How to Live to Be 120?
By Source: Health Watch •
December 1, 1997
When Frenchwoman Jeanne Calment turned 120, she entered into a realm few others have achieved. She took daily walks when she was 115 and rode her bicycle until she was 100. She could be the longest-lived person in documented history.
According to nutritional science, we should live to the ripe old age of 125 or more. Realistically few of us are likely to share Calment's distinction. A growing number of researchers, however, are seeking--and finding---ways to help everyday folks live to be centarians, in an active fashion.
The vitamin-like compound Coenzyme Q10, for example, has been studied for its effect on longevity. Although Coenzyme Q10 levels diminish with age, supplementing those levels may be exactly what is needed to help us through our golden years.
CoQ10 also adds more than the possibility of longevity. Thousands of studies have been done on CoQ10. Results have indicated that it helps increase energy, strengthens the heart, and may increase life span.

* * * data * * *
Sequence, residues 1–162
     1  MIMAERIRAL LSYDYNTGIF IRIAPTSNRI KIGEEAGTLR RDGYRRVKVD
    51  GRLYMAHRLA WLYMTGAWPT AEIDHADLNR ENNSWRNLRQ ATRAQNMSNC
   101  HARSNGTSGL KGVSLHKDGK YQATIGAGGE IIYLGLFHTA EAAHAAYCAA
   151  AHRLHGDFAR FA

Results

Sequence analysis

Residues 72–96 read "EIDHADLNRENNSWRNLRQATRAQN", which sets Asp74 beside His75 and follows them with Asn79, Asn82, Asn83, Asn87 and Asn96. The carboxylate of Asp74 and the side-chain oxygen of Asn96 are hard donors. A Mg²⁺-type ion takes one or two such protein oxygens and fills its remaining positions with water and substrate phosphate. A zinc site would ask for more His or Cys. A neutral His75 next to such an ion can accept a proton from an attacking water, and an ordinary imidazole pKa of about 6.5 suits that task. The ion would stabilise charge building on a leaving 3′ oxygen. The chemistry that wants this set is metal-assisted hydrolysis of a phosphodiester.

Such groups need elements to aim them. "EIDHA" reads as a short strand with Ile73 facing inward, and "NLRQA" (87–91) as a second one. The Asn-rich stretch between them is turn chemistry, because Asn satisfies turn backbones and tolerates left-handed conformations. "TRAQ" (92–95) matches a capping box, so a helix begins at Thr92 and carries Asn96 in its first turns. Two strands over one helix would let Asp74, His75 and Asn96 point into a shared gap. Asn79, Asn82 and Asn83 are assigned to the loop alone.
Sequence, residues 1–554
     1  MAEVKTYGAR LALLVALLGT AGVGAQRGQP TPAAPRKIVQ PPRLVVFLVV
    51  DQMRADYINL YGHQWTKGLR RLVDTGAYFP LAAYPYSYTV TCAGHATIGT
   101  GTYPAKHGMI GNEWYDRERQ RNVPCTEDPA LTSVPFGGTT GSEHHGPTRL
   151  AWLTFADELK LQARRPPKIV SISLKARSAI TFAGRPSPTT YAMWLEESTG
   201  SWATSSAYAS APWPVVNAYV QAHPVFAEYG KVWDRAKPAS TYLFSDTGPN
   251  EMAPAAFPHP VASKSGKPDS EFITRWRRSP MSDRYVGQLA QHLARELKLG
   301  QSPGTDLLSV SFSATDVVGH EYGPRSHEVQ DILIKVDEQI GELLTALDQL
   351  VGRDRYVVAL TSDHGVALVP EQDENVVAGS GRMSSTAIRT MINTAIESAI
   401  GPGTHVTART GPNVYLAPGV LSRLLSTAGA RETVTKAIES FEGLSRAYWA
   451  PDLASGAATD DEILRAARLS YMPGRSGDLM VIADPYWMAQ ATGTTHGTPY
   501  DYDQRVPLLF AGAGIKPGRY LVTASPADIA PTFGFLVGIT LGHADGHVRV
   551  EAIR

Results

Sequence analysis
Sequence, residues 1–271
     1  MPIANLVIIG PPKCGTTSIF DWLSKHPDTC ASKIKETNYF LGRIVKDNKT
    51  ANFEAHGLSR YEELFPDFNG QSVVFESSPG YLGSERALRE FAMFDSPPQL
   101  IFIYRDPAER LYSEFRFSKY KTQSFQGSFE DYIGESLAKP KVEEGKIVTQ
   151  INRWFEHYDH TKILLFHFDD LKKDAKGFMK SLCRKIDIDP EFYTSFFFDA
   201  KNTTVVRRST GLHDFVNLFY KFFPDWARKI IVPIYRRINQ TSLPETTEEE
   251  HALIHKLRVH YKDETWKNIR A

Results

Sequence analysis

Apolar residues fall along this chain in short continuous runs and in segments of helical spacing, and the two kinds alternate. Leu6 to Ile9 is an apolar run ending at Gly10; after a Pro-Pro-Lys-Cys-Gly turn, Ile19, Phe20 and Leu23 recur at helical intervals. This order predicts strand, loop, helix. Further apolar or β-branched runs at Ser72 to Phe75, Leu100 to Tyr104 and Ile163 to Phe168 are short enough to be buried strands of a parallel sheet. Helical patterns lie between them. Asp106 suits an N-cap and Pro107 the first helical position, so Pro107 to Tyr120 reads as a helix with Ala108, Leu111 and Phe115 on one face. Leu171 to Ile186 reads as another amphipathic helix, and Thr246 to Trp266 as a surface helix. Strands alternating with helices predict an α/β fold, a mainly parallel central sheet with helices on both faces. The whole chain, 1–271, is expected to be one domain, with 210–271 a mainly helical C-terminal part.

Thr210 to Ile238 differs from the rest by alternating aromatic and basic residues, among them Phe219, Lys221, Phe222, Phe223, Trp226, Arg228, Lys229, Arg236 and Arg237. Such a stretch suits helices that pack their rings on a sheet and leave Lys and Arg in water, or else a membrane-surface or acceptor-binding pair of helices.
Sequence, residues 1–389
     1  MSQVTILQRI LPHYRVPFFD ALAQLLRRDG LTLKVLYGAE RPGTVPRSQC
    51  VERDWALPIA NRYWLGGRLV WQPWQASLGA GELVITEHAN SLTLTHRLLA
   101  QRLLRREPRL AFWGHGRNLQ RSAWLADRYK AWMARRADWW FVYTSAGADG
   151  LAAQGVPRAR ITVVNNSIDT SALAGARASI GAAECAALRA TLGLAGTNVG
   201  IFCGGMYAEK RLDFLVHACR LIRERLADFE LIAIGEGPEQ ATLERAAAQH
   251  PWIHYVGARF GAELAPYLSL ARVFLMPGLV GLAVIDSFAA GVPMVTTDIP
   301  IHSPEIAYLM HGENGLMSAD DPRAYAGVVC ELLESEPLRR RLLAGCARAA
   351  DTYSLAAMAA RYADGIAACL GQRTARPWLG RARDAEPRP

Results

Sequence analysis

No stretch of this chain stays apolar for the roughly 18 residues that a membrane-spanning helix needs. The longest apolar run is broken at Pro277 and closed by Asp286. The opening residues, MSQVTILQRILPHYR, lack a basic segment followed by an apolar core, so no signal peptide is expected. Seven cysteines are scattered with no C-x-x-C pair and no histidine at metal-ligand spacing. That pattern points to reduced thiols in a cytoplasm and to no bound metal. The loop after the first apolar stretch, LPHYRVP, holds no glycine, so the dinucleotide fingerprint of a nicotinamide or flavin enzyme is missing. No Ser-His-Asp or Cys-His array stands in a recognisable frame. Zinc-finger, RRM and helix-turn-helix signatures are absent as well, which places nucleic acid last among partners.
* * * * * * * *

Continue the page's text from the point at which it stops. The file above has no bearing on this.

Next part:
Coenzyme Q10 is essential for the health of our cells, tissues and organs. It has even been called the "spark of life," because life functions depend upon the energy produced with the help of CoQ10.
CoQ10 is a vital catalyst in the creation of the energy that cells need for life. Our cells have: minute components called mitochondria, which is the, equivalent of the engine in a car. Without CoQ10 there's no spark, no ignition, no creation of energy to get you going.
Studies on CoQ10 show that it can have an amazing effect on cardiac disease. A few years ago, Per Langosjoen, M.D., of Temple, Texas, analyzed data from 806 patients with severe heart disease, and found that Co(21U provided "significant" benefits. He stated that, "in 80% of my patients, I see a clinical improvement in four weeks, with maximal improvement in six to twelve months, when they reach a plateau." The "Fountain of Youth" may not be just a legend after all.